What were the results of the study?

The researchers found that the germ stem cells developed in the laboratory from male embryonic stem cells expressed genes, which indicated that the cells were developing into primordial germ cells, spermatogonial stem cells, and sperm-like haploid cells. About 3.1% of the cells were found to be haploid, indicating that they had completed the cell division (meiosis) that normally occurs in the production of sperm. Some of the cells also formed a tail-like structure and could move.

The researchers only found success with the development of the male germ cell lines when they used male (XY) human embryonic stem cells, but not female (XX) human embryonic stem cells.

What interpretations did the researchers draw from these results?

The researchers conclude that, while the full potential of the germ cells derived from human embryonic stem cells in vitro and the sperm-like cells that the germline stem cells then produced remains to be demonstrated, this development provides a new approach for studying human germ cell biology. It is also hoped that it may lead to the establishment of new treatment approaches for infertility.

What does the NHS Knowledge Service make of this study?

The media has mainly focused on the potential of this research to enable infertile men to conceive by using their own genetic material to create sperm in the lab. However, many experts in the fields of reproductive medicine and stem cell research have doubts over whether the sperm-like cells that were produced are actually functioning sperm. Sperm biologist Dr Allan Pacey of the University of Sheffield said, “Whilst the cells produced may possess some of the distinctive genetic features and molecular markers seen in sperm, fully differentiated human spermatozoa have specific cellular morphology, behaviour and function that are not described here.”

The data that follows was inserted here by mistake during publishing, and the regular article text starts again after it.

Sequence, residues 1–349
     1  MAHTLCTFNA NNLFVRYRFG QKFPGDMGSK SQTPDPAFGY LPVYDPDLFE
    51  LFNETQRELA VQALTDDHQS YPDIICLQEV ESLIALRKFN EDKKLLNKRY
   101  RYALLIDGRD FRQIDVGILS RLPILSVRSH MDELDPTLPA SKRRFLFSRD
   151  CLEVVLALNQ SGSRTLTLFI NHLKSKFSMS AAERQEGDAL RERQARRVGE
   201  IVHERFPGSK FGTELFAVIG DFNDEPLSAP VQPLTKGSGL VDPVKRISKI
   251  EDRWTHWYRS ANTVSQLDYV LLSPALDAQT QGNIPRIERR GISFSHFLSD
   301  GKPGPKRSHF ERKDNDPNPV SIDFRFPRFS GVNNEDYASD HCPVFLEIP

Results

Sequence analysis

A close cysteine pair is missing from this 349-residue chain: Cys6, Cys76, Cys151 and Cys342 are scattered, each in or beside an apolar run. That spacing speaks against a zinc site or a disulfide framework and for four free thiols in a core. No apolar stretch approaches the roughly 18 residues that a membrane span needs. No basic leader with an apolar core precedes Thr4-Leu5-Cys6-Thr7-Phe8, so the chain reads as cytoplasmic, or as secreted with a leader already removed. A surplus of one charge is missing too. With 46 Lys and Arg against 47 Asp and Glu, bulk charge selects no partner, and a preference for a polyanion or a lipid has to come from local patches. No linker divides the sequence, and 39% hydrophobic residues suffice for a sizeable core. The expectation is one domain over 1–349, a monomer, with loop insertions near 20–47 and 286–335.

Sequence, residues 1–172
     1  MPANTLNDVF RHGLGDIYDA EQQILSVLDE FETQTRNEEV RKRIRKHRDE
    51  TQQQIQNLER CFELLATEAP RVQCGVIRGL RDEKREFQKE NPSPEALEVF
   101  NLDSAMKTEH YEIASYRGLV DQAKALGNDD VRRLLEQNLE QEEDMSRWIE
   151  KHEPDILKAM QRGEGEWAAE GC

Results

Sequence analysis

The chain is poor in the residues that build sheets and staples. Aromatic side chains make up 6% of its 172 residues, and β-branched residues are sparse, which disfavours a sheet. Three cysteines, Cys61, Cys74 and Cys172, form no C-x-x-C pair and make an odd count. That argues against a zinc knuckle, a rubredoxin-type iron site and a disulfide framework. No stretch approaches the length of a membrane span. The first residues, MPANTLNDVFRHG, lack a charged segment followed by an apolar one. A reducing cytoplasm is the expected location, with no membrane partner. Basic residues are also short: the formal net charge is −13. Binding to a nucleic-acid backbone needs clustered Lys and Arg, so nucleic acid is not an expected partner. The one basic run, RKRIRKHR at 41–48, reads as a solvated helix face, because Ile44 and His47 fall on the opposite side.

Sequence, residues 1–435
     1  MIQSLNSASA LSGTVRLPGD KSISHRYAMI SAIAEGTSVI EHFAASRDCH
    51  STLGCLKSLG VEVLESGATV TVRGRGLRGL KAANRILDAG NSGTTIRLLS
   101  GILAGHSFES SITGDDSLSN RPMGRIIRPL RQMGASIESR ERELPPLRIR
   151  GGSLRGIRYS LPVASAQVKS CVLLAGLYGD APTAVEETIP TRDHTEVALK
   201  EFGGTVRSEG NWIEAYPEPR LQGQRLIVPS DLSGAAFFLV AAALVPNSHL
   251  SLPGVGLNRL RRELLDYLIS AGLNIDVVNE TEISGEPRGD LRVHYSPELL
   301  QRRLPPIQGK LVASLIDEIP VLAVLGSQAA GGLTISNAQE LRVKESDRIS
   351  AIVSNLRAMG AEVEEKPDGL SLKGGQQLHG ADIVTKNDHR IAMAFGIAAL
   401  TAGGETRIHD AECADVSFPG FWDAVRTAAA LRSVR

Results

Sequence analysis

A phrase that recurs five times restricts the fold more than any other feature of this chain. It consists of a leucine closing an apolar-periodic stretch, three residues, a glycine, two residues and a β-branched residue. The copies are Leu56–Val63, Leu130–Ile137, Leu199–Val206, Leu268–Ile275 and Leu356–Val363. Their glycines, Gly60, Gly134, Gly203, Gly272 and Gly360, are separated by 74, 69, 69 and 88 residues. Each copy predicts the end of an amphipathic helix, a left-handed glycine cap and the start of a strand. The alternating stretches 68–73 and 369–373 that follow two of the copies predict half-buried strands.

In response to these criticisms, the lead researcher Professor Karim Nayernia said the research was “clearly labelled ‘proof of principle’ to begin with, and the researchers never claimed it as being more than that. He added, “our intention was to open up new avenues of research with these early findings. My research group believes this is a very important and exciting step forward, and we will continue to develop this area of research.”

This research is a long way off from a stage where the viability of artificially created sperm could be tested and used to fertilise a human egg. This is borne out by the fact that only a small number of sperm-like cells were produced, and this technique has so far used only stem cells from embryos, not cells from adult males.

The research is definitely a step forward in understanding reproductive biology and germ stem cell development, but it has limited immediate implications in the field of reproductive medicine and fertility treatment. Much more research into the medical, scientific and ethical issues surrounding this contentious issue is needed.

Links to the headlines

Scientists create test-tube sperm. The Independent, July 8 2009

Ethical storm flares as British scientists create artificial sperm from human stem cells. Daily Mail, July 8 2009

Chaps doomed as lab grows sperm. The Sun, July 8 2009

Scientists claim sperm ‘first’. BBC News, July 8 2009

‘Synthetic sperm’ from stem cells raises hope for male infertility. The Times, July 8 2009

The end of men? Daily Mirror, July 8 2009

Links to the science

Karim Nayernia, Jae Ho Lee, Majlinda Lako, et alIn Vitro Derivation of Human Sperm from Embryonic Stem Cells.Stem Cells and Development 2009; published online ahead of print

This article was originally published by NHS Choices

Have your say

You must sign in to make a comment.

Related images

Related Jobs

Sign in to see the latest jobs relevant to you!

newsletterpromo